Chapter 17. Rendering

Relevant to Blender v2.31

Rendering is the final process of CG (short of postprocessing, of course) and is the phase in which the image corresponding to your 3D scene is finally created.

The rendering buttons window is accessed via the Scene Context and Render Sub-context (F10 or the button). The rendering Panels and Buttons are shown in Figure 17-1.

Figure 17-1. Rendering Buttons.

The rendering of the current scene is performed by pressing the big RENDER button in the Render panel, or by pressing F12. The result of the rendering is kept in a buffer and shown in its own window. It can be saved by pressing F3 or via the File>>Save Image menu.

The image is rendered according to the dimensions defined in the Format Panel (Figure 17-2).

Figure 17-2. Image types and dimensions.

By default the dimensions SizeX and SizeY are 320x256 and can be changed as for any Num Button. The two buttons below define the aspect ratio of the pixels. This is the ratio between the X and Y dimensions of the pixel of the image. By default it is 1:1 since computer screen pixels are square, but can be varied if television shorts are being made since TV pixels are not square. To make life easier the rightmost block of buttons (Figure 17-3) provides some common presets:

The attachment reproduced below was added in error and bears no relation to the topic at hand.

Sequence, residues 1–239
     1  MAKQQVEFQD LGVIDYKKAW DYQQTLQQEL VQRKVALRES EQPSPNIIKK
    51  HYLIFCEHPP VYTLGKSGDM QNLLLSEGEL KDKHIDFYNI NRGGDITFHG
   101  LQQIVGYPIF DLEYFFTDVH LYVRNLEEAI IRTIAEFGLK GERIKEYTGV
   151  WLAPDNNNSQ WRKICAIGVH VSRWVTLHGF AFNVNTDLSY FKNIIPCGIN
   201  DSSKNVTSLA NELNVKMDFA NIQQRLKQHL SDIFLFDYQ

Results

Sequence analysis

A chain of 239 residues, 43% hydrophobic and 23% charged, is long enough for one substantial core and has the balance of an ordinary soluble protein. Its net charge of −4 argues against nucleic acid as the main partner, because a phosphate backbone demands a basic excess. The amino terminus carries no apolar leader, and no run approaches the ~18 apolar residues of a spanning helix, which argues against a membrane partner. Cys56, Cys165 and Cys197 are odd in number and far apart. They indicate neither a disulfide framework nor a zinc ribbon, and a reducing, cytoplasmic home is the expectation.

Figure 17-3. Image pre-set dimensions.

17.1. Rendering by Parts

Relevant to Blender v2.31

It is possible to render an image in pieces, one after the other, rather than all at one time. This can be useful for very complex scenes, where rendering small sections one after the other only requires computation of a small part of the scene, which uses less memory.

By setting values different from 1 in the Xparts and Yparts NumButtons in the Render Panel (Figure 17-4), you force Blender to divide your image into a grid of Xparts times Yparts sub-images, which are then rendered one after the other and finally assembled together.

Figure 17-4. Rendering by parts buttons.


Blender cannot handle more than 64 parts.